Why is intrathecal drug delivery an attractive option for the treatment of pain?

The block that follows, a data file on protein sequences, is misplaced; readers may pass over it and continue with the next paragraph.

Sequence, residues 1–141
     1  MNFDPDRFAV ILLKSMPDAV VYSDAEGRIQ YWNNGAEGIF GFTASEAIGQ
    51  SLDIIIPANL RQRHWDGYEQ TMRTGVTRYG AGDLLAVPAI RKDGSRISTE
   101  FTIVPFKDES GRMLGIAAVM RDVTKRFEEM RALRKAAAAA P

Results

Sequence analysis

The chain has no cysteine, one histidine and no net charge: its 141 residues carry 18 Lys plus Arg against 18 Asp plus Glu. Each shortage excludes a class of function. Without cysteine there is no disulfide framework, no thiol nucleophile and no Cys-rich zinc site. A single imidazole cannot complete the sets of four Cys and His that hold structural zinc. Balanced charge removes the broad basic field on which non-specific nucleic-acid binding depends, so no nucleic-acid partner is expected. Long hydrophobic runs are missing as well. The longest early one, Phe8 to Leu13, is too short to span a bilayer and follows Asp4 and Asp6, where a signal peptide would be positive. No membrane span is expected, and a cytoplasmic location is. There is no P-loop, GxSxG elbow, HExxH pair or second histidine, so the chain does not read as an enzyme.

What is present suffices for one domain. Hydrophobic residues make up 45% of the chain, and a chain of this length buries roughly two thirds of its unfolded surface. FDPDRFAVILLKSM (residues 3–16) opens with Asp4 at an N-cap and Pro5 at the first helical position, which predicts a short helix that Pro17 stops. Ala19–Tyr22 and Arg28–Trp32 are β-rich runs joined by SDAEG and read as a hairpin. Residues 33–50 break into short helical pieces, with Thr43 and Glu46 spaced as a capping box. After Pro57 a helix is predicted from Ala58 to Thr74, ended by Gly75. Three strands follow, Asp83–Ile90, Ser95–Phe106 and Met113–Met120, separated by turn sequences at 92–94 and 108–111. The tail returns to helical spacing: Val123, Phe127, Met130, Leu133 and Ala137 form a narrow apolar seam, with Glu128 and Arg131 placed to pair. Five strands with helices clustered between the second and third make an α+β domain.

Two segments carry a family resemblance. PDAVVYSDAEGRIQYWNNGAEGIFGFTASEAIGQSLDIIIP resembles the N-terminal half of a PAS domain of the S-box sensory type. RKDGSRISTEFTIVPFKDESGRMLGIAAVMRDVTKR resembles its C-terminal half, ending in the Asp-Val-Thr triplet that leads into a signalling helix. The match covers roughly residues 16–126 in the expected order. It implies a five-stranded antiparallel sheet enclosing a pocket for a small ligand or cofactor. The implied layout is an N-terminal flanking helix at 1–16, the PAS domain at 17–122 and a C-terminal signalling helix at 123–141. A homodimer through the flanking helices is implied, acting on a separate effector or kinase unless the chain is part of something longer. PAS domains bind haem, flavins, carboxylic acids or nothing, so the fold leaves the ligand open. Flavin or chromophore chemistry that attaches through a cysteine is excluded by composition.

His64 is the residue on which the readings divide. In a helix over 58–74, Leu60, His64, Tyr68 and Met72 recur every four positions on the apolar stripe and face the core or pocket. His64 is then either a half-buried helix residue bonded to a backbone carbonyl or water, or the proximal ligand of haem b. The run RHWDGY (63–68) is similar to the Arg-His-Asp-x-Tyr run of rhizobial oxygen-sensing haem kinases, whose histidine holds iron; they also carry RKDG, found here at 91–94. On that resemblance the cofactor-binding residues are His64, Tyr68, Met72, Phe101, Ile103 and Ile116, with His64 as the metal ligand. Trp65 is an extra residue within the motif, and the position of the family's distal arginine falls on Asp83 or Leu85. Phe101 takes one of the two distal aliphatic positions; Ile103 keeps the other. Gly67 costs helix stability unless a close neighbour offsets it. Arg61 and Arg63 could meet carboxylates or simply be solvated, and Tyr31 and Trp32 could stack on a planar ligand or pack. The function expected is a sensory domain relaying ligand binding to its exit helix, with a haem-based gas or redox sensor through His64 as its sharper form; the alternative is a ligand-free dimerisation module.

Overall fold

The dorsal horn of the spinal cord is a major site for pain control. Nociceptive information from the peripheral nervous system is conveyed to the central nervous system by primary afferent neurons. These are primarily myelinated and unmyelinated small-diameter neurons with cell bodies located in the dorsal root ganglia (DRG). The DRG extends central processes through the dorsal roots to synapse on neurons in the superficial and deep laminae of the spinal cord dorsal horn. Inhibitory and facilitatory nociceptive pathways composed of neurons located in the brainstem send axons that descend the neuraxis to synapse on and modulate the function of dorsal horn neurons. Many targets of analgesic drugs (e.g., opioid receptors, voltage-gated calcium channels, adrenergic receptors, and gamma-aminobutyric acid [GABA] receptors) are found in high concentrations in the spinal cord dorsal horn. Consequently, delivery of analgesic drugs directly into the intrathecal space places them in close proximity to their target sites for nociceptive transmission and modulation.